Healthcare and Medicine Reference
3. Advice: Includes direct feedback and suggestions to clients to help
them cope with their drinking problems and other life situations that
may contribute to alcohol abuse.
4. Menu: Includes a list of strategies to reduce drinking and to cope
with such high-risk situations as loneliness, boredom, family problems,
and lack of social opportunities.
5. Empathy: Bien et al. (1993) strongly emphasize the need for a warm,
empathetic and understanding style of treatment. Miller and Roilnick
(1991) found that an empathetic counseling style produced a 77%
reduction in patient drinking as compared with a 55% reduction
when a confrontational approach was used.
6. Self-efficacy: This includes strategies to help clients rely on their
inner resources to make a change in their drinking behavior. Inner
resources may include positive points of view about themselves, help-
ing others, staying busy, and good problem-solving and coping skills.
Babor and Higgins-Biddle (2000) discuss the use of brief interventions
with people involved in “risky drinking” who are not as yet classified as
alcohol dependent. Brief interventions are usually limited to 3 5 sessions
of counseling and education. The intent of brief interventions is to prevent
the onset of more serious alcohol-related problems. According to Babor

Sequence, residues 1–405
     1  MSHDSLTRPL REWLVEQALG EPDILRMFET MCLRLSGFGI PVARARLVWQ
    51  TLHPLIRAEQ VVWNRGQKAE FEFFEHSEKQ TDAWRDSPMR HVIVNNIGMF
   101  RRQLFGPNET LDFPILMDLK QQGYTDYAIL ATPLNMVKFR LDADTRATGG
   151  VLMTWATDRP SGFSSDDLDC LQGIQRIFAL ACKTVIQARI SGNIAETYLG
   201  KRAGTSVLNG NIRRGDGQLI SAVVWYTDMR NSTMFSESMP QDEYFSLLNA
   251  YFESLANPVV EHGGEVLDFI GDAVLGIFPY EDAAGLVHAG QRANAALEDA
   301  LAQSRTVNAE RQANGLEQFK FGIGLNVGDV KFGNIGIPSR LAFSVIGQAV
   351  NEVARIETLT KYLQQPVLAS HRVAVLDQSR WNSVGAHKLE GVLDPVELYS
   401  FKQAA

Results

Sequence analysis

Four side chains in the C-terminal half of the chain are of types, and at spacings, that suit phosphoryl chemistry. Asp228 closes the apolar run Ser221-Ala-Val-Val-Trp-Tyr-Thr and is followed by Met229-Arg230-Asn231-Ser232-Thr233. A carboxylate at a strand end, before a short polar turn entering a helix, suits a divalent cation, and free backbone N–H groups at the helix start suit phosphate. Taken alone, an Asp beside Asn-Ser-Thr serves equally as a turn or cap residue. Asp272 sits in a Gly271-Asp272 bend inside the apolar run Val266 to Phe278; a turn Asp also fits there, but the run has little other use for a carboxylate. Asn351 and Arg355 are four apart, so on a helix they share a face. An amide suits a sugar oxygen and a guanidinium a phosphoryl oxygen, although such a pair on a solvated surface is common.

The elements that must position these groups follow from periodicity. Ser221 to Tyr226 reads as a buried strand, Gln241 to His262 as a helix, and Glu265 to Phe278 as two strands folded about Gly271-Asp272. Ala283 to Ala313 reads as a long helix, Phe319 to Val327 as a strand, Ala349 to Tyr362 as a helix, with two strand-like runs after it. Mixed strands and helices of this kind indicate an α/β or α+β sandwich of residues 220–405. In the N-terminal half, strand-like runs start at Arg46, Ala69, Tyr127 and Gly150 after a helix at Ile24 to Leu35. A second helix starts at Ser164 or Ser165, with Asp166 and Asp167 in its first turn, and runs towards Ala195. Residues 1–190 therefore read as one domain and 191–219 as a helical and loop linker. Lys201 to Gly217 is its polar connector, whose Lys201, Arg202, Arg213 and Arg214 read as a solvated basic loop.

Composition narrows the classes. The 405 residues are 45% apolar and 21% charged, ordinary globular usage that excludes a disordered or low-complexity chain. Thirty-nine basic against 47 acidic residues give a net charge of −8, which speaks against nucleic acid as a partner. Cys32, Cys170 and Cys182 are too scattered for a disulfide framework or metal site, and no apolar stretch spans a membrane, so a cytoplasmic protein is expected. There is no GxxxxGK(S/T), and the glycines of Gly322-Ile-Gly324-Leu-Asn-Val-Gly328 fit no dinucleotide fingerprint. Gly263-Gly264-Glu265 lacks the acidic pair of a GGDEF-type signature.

and Higgins-Biddle, “Most programs are instructional and motivational,
designed to address the specific behavior of drinking with information,
feedback, health education, skill-building, and practical advice, rather than
with psychotherapy or other specialized treatment techniques” (p. 676).
Higgins-Biddle, Babor, Mullahy, Daniels, and Mcree (1997) analyzed
14 random studies of brief interventions, which included a total of more
than 20,000 risky drinkers. They report a net reduction in drinking of
21% for males and 8% for females. To improve the effectiveness of short-
term interventions, Babor and Higgins-Biddle (2000) encourage the use
of early identification of problem drinking, life-health monitoring by
health and mental health professionals, and risk counseling that includes
screening and brief intervention to inform and motivate potential alcohol
abusers of the risk of serious alcohol dependence and to help change their
alcohol use. This approach requires a high degree of cooperation among
health and education personnel, who are often loathe to identify very
young people as having “at risk” alcohol problems because they fear that
doing so will exacerbate the problem through public identification and
often believe that more moderate drinking will take place as the child
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